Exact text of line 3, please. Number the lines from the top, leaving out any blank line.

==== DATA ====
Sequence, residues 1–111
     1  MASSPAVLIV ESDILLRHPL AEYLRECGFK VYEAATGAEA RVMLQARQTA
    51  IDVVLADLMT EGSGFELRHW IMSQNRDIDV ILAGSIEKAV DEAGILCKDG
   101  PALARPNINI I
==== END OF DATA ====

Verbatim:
    51  IDVVLADLMT EGSGFELRHW IMSQNRDIDV ILAGSIEKAV DEAGILCKDG